A Spoonful of Memories

Photo by Madeleen Saguid/THE FLAME

AS HER friends chatted under the Dita trees, smiling while they held their meals, she played with hers until it was cold. The rice no longer emitted smoke, and the sauteed vegetables looked soggy. 

The various spices from different food stalls gave her a speck of appetite. But after she looked at her plate, she felt a lump in her throat as flashbacks of her childhood crept in. 

She recalled how she used to reject the platter of her father’s adobo and the sweet biko of her mother. 

It took her years of practice to ignore the crippling pain in her stomach whenever she smelled the aroma of garlic and onion. 

She felt restless in her seat. There was sweat on her forehead. She might vomit soon because of the spoonful she had eaten. A portion for her always felt like a whole.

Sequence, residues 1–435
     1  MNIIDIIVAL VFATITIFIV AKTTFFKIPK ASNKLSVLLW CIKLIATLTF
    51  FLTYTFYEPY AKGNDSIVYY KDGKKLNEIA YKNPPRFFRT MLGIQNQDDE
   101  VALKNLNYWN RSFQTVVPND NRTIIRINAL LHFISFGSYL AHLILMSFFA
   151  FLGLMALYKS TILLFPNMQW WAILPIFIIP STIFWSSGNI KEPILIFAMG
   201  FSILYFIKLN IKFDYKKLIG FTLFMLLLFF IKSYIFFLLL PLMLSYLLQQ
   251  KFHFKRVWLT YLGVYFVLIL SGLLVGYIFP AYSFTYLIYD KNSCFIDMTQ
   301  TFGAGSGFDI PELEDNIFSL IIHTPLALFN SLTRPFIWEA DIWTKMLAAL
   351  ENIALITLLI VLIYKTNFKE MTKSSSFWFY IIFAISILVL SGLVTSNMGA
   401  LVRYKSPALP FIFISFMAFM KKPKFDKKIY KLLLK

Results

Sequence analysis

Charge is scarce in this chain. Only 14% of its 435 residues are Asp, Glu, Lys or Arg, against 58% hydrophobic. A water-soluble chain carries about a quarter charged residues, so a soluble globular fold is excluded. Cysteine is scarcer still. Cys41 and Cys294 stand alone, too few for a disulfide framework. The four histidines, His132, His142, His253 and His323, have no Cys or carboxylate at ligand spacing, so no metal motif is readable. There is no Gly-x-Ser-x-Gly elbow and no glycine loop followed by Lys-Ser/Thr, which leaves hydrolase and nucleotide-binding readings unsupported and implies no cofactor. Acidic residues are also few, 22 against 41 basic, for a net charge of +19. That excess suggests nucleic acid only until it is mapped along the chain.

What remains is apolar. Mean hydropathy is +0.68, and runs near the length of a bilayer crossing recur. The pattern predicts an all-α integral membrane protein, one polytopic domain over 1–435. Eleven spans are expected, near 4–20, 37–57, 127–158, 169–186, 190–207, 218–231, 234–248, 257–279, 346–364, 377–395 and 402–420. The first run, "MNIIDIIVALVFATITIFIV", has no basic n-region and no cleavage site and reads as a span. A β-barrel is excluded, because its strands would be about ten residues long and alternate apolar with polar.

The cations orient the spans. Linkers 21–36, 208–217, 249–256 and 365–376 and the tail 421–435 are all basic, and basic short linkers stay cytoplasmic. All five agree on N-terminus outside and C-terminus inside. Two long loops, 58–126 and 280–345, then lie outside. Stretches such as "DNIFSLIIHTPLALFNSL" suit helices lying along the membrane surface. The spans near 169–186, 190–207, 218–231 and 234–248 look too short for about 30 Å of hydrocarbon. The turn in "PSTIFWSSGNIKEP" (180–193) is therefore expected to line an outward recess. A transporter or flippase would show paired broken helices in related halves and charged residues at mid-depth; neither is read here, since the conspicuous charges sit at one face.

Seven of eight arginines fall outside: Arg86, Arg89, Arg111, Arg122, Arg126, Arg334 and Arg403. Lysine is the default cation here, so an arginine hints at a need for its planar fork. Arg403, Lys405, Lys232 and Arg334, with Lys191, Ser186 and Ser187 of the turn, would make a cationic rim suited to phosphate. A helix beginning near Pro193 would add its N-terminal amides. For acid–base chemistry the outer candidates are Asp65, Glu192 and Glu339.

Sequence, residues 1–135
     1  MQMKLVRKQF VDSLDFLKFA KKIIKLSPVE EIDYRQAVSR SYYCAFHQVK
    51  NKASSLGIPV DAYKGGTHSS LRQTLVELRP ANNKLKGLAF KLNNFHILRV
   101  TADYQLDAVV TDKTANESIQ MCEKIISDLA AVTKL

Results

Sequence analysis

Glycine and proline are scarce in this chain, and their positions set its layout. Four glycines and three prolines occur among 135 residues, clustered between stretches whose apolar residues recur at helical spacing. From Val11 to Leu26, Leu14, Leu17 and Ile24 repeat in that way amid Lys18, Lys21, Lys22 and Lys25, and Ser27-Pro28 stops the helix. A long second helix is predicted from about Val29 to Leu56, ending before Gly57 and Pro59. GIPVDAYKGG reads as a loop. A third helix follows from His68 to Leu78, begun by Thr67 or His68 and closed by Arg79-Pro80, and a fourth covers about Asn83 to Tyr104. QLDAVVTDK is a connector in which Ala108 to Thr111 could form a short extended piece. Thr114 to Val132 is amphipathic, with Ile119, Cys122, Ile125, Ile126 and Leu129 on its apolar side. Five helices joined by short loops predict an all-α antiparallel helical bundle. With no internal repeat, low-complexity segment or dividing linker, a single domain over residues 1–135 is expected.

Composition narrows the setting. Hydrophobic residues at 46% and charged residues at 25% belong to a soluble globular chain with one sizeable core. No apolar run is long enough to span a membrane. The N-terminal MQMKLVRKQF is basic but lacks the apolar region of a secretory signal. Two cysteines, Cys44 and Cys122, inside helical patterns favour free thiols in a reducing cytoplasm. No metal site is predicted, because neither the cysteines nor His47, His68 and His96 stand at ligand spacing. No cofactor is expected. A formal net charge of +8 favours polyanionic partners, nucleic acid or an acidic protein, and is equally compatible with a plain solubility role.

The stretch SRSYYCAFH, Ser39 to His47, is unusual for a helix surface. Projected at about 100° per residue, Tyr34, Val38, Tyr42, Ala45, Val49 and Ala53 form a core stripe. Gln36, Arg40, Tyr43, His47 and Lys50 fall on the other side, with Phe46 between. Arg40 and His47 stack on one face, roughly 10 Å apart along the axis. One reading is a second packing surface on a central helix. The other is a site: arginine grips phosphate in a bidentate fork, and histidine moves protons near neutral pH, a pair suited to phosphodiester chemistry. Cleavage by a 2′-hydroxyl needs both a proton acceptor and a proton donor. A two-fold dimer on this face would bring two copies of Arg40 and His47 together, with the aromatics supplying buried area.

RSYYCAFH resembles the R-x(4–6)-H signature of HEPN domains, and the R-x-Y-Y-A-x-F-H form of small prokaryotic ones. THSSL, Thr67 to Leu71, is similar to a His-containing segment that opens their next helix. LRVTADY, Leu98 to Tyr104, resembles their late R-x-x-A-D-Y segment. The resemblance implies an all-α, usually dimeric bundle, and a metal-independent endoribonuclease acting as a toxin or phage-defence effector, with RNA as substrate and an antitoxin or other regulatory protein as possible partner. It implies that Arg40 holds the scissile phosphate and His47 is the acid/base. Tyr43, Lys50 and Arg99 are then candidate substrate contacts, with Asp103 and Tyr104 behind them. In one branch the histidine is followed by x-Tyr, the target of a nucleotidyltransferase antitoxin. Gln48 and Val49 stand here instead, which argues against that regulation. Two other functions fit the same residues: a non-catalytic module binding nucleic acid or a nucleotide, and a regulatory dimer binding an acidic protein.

As the wind blew the steam off her food, she revealed her secret in the air: the presence of food could make her complete. Yet, with its absence, she felt like a half of herself. 

She stared at her friends eating without guilt; she felt envious and ashamed for how she treated her parents’ love. Despite the sweetness, the food was always too bitter for her to swallow.  

Afraid of throwing another platter in the bin again, she shared her food with someone else. The same shaky hands full of bruises that rejected love before had reached out for once. F

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